Giving Back – A Family Affair
Rieves Family Endowment Provides Much Needed Support
to FSU’s Student Disability Resource Center
Following his time spent attending Florida State University, J.T. Rieves began working at his local Home Depot stocking hardware. Now, after nearly 30 years with the company, he serves as vice president of Pro Business—a role that allows him to give back both personally and professionally.
Rieves has always had a heart for service and a desire to positively impact the lives of others. He says he inherited his giving spirit from his parents, who were dedicated to making a difference in their community. In addition to seeing them serve as educators, Rieves grew up watching his father regularly volunteer at a physical therapy center and his mother serve as a cuddler for newborns at a local hospital.
Because of their professions, Rieves’ parents didn’t always have the means to make large monetary contributions, but what they lacked in financial capabilities they made up for in sweat equity.
“They didn’t have much, but they were always a fabulous example,” Rieves said. They couldn’t donate money, so they donated their time.
“We talk a lot about sweat equity here at Home Depot. It has a lot to do with our culture. People who are able to donate money can and feel good about it. But lending your time, sweat equity brings you closer and makes you feel even better.”
For years, Rieves followed in his parents’ footsteps, donating his time by serving on the board of a small school where his father attended, but he felt something was missing. Though his contributions were making a difference—the school’s enrollment increased from 400 students to 1,000 during his time on the board—he didn’t feel a connection to the work he was doing.
“Talking about everything my parents did, I felt like I had to do more because I paled in comparison to them,” Rieves said. “I was doing the right thing, but I realized I wasn’t connected in my heart. I talked to my wife about it and we had this epiphany about what we should do with our money.”
Rieves and his wife, Lisa, decided they wanted to help students similar to their son, Max, who was diagnosed with dyslexia during his sophomore year at Florida State University. After his diagnosis, Max turned to the university’s Student Disability Resource Center for help.
Rieves explains his son was struggling to keep up with his coursework and was on the verge of having to transfer, but with the help of the SDRC, he was able to graduate in 2017 with his degree in hospitality management.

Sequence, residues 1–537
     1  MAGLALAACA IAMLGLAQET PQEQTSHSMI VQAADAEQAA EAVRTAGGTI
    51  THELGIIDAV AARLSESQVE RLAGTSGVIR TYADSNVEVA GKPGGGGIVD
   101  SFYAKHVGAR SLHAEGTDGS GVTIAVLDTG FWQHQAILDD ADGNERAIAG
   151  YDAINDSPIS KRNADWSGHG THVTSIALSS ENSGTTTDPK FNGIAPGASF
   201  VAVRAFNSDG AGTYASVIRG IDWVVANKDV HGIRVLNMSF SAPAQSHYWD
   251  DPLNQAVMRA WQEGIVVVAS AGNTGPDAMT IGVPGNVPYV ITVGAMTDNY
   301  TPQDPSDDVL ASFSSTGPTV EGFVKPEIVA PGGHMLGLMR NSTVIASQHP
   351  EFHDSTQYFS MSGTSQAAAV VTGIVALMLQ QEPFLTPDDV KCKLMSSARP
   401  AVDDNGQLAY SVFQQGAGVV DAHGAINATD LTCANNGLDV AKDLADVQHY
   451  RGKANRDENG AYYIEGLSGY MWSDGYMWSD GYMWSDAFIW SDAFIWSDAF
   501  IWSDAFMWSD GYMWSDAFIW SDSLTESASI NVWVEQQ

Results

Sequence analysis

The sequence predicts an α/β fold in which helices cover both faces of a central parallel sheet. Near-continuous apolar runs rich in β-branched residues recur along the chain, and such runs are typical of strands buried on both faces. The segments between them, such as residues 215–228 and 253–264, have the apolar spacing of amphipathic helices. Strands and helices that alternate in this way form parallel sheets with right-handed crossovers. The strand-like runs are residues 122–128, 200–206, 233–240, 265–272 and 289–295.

“In his freshman and sophomore year, his GPA hovered around a 2.8, but after his work with the disability center, he maintained a 3.0-3.5 GPA,” Rieves said. “He worked with note takers and test helpers, and without them, he wouldn’t have been there.”
J.T. and Lisa felt compelled to help other students who utilize the SDRC’s resources and services, so they reached out to the university and inquired about funding possibilities, and in 2016, the Rieves Family Endowment was established.
With the family’s $50,000 contribution matched by Home Depot, the $100,000 endowment will provide essential funding for students who utilize the Student Disability Resource Center and its services. The SDRC serves as an advocate for Florida State students with disabilities and ensures they have academic accommodations, testing support, assistive technologies, and coaching.
According to Shelley Ducatt, Ph.D., associate dean, and director of the Student Disability Resource Center, the scholarships funded by the Rieves Family Endowment will help support students with learning disabilities, with a preference given to out-of-state students.
She explains that many out-of-state students with disabling conditions who hold jobs are unable to work as many as hours as their peers because they require more time to study. With the support of scholarships, Ducatt says these students will be able to place a greater focus on academics, giving them a better chance to succeed.
“For most students, once they find the SDRC they have a place where they feel comfortable,” Ducatt said. “We understand their daily struggles. We can provide a listening ear in terms of challenges they may face. We know all of our students have goals with dreams and hopes for the future. Here at the center, we work to help them accomplish these goals.”
Rieves says he is incredibly grateful for the opportunity to support the SDRC and the hardworking students it serves, because he knows, like Max, many of them would not be able to continue their studies without the assistance.
“We have a picture of Max that we took when he was 6 years old in Doak Campbell Stadium,” Rieves said. “We took another picture with him there in his cap and gown when he graduated. It choked me up because without the disability center he wouldn’t have been graduating from FSU. I wish I had more money to give, but I’m glad I can do what I can. I definitely think my mom and dad are smiling.”